Installers in a digital era: 4 insights into the online world of installers
Do installers have a website? Do they sell products and find jobs online?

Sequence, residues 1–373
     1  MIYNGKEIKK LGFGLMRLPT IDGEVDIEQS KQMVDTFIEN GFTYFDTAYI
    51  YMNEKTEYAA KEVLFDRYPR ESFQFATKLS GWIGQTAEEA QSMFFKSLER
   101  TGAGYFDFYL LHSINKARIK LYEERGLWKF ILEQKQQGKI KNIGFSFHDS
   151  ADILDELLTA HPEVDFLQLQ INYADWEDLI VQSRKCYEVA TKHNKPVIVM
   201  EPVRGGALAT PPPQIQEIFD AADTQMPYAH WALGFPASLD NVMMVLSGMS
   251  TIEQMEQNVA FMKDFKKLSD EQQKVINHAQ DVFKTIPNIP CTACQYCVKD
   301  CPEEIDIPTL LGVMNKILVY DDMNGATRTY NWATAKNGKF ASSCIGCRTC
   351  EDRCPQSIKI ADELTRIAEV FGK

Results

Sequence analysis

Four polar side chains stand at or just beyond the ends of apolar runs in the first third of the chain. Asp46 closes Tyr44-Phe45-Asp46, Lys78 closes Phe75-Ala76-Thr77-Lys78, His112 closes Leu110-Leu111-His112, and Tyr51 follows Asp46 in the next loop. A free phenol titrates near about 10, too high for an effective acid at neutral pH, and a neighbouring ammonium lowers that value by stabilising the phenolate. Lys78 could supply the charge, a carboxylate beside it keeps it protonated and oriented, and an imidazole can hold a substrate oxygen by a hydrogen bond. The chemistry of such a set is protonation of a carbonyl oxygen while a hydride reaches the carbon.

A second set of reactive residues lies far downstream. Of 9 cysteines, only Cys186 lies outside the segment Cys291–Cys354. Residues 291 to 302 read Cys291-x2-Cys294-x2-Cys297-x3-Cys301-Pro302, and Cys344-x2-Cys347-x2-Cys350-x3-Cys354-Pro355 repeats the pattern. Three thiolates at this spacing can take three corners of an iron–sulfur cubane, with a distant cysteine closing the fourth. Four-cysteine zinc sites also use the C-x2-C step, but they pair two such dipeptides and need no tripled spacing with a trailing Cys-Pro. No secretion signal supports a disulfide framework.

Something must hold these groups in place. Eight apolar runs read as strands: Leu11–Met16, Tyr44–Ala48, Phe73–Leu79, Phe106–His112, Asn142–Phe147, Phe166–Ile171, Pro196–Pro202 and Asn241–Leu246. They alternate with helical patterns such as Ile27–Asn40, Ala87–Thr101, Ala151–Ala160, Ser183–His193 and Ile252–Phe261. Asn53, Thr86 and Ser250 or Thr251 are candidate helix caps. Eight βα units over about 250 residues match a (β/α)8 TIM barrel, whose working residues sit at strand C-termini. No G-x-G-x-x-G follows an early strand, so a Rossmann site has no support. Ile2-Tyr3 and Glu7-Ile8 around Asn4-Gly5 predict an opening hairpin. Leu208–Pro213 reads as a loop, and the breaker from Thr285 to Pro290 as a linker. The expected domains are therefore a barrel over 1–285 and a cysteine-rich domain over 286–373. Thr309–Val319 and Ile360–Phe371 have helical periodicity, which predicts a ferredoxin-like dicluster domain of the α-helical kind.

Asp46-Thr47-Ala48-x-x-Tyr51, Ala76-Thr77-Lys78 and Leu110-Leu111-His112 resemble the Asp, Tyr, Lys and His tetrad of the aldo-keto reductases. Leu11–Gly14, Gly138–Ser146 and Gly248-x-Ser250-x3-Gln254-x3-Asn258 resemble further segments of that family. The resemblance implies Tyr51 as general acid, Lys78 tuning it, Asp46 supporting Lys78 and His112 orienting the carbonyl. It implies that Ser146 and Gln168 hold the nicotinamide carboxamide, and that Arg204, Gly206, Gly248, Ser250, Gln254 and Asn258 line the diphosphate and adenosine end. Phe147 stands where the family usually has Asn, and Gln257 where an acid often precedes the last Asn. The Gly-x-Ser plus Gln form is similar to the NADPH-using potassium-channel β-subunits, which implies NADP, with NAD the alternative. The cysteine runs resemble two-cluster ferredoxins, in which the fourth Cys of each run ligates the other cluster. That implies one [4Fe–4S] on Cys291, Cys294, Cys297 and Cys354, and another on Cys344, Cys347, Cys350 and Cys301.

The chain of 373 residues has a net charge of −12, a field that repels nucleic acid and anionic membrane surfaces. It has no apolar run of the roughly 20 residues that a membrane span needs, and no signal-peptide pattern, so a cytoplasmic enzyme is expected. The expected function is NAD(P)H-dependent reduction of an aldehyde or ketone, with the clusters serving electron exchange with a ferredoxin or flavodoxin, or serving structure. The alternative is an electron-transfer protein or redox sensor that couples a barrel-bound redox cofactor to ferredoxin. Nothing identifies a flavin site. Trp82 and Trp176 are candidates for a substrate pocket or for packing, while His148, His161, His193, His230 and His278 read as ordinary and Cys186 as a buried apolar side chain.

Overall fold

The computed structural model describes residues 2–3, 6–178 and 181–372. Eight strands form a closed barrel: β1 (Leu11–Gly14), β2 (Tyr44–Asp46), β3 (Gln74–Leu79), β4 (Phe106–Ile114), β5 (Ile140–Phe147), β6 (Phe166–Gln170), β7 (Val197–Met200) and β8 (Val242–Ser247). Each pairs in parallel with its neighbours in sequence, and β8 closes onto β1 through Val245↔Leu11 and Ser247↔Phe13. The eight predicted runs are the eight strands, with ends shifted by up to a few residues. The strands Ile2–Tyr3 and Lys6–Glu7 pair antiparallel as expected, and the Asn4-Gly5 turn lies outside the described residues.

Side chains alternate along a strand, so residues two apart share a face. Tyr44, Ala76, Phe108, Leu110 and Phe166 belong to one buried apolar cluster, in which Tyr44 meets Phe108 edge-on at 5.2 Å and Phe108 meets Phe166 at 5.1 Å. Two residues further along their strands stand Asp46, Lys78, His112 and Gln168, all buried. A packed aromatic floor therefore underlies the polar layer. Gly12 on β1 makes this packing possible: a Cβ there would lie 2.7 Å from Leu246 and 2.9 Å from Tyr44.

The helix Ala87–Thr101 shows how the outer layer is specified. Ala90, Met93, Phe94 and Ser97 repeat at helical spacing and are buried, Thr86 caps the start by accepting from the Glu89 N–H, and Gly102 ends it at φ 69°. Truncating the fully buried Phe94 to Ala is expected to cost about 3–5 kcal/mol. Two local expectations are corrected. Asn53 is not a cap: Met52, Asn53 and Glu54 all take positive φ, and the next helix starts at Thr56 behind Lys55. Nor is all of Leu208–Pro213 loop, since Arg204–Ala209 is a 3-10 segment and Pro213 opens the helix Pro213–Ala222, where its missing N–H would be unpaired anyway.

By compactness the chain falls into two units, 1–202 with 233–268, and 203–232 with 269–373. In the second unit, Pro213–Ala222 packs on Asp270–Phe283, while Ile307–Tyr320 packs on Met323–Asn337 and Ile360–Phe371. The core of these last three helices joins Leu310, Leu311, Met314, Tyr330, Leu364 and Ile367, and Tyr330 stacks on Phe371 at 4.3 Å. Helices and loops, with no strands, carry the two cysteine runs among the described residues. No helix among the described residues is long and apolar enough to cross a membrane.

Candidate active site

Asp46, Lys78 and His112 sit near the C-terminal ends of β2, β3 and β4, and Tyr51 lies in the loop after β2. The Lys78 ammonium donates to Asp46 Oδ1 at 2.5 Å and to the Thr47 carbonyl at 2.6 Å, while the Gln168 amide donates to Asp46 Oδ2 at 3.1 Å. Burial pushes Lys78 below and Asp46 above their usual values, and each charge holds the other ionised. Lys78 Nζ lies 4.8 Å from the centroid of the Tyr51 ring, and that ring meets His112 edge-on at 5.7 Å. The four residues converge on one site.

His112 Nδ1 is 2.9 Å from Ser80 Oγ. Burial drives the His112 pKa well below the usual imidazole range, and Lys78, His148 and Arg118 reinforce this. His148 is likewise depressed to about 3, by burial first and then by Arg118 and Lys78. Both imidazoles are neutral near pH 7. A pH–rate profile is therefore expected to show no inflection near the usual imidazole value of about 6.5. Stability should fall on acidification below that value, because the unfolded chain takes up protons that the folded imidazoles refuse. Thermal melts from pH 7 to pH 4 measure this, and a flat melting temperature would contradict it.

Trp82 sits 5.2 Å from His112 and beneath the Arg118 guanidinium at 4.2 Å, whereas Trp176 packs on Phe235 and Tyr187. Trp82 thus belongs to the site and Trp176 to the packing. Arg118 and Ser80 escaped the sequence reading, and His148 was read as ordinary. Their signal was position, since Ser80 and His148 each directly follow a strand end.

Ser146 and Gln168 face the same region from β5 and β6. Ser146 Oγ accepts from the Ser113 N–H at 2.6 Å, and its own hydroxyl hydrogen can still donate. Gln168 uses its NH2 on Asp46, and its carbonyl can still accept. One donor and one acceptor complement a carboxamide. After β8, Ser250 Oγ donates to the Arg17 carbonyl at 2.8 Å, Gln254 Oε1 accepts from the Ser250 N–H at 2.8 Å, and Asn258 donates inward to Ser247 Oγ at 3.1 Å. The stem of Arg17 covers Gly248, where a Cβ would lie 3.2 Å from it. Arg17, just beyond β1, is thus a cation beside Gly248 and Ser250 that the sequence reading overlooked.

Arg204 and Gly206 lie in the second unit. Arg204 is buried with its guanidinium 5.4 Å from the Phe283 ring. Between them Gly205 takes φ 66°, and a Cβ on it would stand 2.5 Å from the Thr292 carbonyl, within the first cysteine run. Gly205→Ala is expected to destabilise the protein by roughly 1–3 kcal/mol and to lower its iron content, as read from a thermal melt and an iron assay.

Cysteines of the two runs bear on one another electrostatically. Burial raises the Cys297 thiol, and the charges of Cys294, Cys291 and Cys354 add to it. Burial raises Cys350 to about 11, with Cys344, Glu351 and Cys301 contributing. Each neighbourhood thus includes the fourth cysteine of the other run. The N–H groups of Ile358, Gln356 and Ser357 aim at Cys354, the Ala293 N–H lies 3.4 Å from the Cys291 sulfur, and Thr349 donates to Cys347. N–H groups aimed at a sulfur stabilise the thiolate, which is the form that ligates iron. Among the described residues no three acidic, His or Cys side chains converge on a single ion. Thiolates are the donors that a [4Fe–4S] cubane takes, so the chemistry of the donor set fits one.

Rotterdam, 11 February 2016 The trend that more and more installers order their products online and have them delivered has been signalled long ago. However, do installers themselves also sell products online? Do they use other ways to generate turnover through the internet? These questions are answered below and in the latest Q3 2015 report of the European Mechanical Installation Monitor. The survey is conducted on quarterly basis among 1,200 HVAC installation and plumbing companies in 6 European countries.Insight 1: Two third of the European installers have a websiteMore than three quarter of the Dutch installers have a website (77%), while France lags behind with 50%. This is in line with earlier studies, in which it became clear that the Netherlands is leading on the field of using the internet and France is one of the (last) followers. In the other countries (UK, Germany, Poland and Belgium), around 65% of the installers have a website. The bigger companies more often have a website than smaller companies.Insight 2: Almost no installers have an own web shop on their websiteAlthough the majority of the installers have a website, almost no-one has a web shop via which consumers can buy products and materials. Only 1% to 4% of the installers have a web shop, again with the Netherlands leading (with 4%) and France lagging behind (with 1%). This can be explained by the fact that the core business of installation companies is performing installation activities, not selling products. If products are sold, it is just a minor side activity. The products that are sold most often through a web shop are boilers and water heaters, air conditioning and sanitary ware.Insight 3: This picture is not likely to change in the near futureThe majority of installers expect the number of installers with a web shop to remain stable or they have no idea in which direction it is going. Around 20% to 33% expects a growth in web shops among installers. This indicates that there is no clear view on the number of installation companies having a web shop. This may have to do with the fact that overall web shops are rare in all countries, thus little attention is paid to it anyway. And given the fact that there are still installers without a website (one third) it seems that the focus of the manufacturers could be on assisting the installers in promoting services via the internet and building a website.Insight 4: Job websites can provide a substantial amount of turnover for installersDoes this mean that installers generate all their turnover without help of the internet? No, besides having a website of their own, installers can also find jobs on job websites. Around 10% of the installers use services offered online via websites where end consumers or companies can place installation jobs. In this case Germany is the country lagging behind with only 3%, while in the UK the percentage is 13%. In France, Poland and the Netherlands 12% of the installers uses such a job website, in Belgium this is 9% of the installers. If installers use such a job website, these type of jobs generate a substantial amount of turnover: from 9% (Germany) to 21% (UK) of the total turnover. It is worth to mention that 13% of the installers who have their own website will also be proactive and offer their services via websites such as travaux.com (France), werkspot.nl (he Netherlands) or My-hammer.de (Germany), while installers without online presence (no own website) are less proactive in using those websites as an alternative incomes generator (4.7%). More details and other insights can be found in the European Mechanical Installation Monitor Q3 2015 with the theme Purchase Channels.For more information please contact :USP Marketing Consultancy, Business Unit Do-it-Yourself & Installation Ralitsa Ruseva, International Project Manager T: +31(0)10-2066900 E: firstname.lastname@example.org
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